Thursday, 2 January 2020

city on a hill

Via Language Hat, we receive a news brief that probably will leave one reeling—especially if one is disposed to reflect on how chickens are dinosaurs at least on a daily basis—in that the ruined temple of the Acropolis of Athens we refer to the Parthenon, the House of the Virgins sacred to the city’s patroness Athena is most likely not the Parthenon at all and rather what the original denizens called the Hekatompedon (the hundred foot, circa thirty metre-long, temple—though the structure spanned forty-six metres).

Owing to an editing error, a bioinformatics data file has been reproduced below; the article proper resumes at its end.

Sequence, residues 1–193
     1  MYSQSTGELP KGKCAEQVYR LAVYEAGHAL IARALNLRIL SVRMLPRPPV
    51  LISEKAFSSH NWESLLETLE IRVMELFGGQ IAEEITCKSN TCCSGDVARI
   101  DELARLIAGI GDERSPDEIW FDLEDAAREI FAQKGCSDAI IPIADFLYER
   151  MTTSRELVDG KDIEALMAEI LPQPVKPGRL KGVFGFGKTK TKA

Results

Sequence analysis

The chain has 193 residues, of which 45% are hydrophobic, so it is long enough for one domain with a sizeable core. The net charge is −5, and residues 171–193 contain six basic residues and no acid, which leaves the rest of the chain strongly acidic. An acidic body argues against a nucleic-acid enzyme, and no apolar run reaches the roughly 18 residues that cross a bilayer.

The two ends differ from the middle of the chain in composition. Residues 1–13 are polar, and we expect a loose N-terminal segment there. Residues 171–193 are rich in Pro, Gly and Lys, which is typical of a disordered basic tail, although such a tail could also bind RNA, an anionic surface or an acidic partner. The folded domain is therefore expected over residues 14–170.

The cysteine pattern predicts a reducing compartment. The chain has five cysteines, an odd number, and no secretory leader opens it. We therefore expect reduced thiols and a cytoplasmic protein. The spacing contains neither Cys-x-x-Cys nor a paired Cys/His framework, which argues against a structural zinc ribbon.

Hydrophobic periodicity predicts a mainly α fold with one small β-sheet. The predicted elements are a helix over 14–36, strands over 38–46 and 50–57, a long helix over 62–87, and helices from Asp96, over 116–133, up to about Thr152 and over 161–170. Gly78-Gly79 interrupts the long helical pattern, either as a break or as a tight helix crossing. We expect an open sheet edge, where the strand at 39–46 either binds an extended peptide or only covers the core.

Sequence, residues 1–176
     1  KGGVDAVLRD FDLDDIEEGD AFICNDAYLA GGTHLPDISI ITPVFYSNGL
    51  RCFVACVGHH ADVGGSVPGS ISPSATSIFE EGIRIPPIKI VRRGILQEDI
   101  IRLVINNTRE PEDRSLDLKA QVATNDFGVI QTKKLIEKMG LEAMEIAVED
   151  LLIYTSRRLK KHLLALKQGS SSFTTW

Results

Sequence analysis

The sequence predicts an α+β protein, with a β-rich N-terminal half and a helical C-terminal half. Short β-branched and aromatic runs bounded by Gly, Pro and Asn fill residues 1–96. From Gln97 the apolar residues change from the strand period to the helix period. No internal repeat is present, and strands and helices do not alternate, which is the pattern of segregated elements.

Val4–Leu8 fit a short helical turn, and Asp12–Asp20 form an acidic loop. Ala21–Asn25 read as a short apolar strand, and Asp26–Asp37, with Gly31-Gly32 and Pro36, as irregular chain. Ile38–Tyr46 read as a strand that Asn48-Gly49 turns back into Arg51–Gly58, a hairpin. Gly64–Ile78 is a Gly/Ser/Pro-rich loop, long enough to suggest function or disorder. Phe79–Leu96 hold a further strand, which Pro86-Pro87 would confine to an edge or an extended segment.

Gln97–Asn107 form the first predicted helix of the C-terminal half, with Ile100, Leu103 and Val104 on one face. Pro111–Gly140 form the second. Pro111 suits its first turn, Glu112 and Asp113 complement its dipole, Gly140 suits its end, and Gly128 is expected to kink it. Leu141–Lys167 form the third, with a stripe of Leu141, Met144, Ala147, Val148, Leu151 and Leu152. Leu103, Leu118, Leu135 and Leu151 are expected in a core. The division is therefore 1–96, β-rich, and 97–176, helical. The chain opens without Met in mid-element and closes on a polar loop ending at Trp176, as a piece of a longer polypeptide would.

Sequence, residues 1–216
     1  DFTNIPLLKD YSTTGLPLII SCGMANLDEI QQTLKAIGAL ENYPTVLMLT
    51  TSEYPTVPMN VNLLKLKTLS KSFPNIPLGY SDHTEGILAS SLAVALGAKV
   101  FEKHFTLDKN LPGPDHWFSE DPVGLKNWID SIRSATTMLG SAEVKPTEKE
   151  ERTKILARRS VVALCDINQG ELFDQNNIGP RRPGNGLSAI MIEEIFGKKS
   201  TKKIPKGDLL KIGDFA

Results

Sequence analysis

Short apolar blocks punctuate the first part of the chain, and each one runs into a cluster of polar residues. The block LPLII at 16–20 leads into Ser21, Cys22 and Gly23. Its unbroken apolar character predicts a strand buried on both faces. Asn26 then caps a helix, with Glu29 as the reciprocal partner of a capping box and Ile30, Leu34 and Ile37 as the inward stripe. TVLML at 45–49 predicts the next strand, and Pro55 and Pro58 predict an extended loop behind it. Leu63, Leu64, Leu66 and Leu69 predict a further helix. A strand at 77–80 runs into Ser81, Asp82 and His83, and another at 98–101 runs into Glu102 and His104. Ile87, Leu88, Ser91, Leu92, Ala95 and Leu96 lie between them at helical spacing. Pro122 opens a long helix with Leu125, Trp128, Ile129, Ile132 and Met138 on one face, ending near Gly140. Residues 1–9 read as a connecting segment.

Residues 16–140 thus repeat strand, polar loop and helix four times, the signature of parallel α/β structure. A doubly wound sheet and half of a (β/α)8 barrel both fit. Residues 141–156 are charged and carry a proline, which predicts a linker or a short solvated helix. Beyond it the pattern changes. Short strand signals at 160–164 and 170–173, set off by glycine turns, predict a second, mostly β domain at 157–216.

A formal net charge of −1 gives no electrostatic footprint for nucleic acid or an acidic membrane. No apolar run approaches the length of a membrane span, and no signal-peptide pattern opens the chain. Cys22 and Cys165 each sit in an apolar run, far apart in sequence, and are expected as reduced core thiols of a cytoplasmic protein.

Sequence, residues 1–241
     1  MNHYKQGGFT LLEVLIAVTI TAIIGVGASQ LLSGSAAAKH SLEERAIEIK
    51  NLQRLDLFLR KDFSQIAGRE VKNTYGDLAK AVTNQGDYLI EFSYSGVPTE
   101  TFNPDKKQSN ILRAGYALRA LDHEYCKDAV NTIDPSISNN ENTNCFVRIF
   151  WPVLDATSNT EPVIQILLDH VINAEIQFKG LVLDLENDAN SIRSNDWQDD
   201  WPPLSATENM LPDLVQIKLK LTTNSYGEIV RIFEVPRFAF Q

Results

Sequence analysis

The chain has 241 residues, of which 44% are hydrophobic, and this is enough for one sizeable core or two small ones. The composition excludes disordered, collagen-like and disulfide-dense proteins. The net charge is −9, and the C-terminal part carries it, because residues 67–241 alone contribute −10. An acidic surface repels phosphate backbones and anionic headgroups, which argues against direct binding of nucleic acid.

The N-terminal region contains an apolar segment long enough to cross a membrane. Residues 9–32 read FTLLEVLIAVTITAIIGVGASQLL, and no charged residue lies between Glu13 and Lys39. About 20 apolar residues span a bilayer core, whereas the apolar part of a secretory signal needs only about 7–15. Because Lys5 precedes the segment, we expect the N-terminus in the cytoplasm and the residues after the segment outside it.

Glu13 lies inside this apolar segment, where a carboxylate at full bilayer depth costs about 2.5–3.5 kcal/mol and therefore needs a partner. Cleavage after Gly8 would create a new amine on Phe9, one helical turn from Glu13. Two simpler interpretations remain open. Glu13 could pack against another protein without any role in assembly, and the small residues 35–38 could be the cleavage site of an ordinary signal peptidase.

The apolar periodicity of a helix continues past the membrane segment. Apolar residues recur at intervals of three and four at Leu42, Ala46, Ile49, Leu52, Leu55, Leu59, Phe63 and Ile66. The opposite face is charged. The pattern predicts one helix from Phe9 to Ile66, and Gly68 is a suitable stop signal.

An impressive structure to be sure but perhaps not the centrally-enshrined personification of some attributed obsession with one definition of purity as a virtue that Moderns are perhaps too quick to ascribe to the Ancients and moreover suggests that the “House of the Virgins” is better placed at the south porch of the Erectheoin and the practical purpose—as a polling place—that the structure fulfilled was not supplanted when it was rebuilt after its destruction a decade after their victory in Marathon in 480 BC by Persians returning home after the war. What is most striking for me in this revelation is that the cartographic legend for the Acropolis is only a couple centuries old and the topography is wholly reconstructed, despite populations living with the ruins continuously. Folk-etymologies and explanations arise of course, like dragons from dinosaur fossils or Germany’s Schewedenschanze—ringworks and ramparts of early medieval to sometimes pre-historic Celtic origin but colloquially named after trenches hastily dug during the Thirty Years’ War, granted, but hopefully local, native knowledge is allowed to inform academic decisions.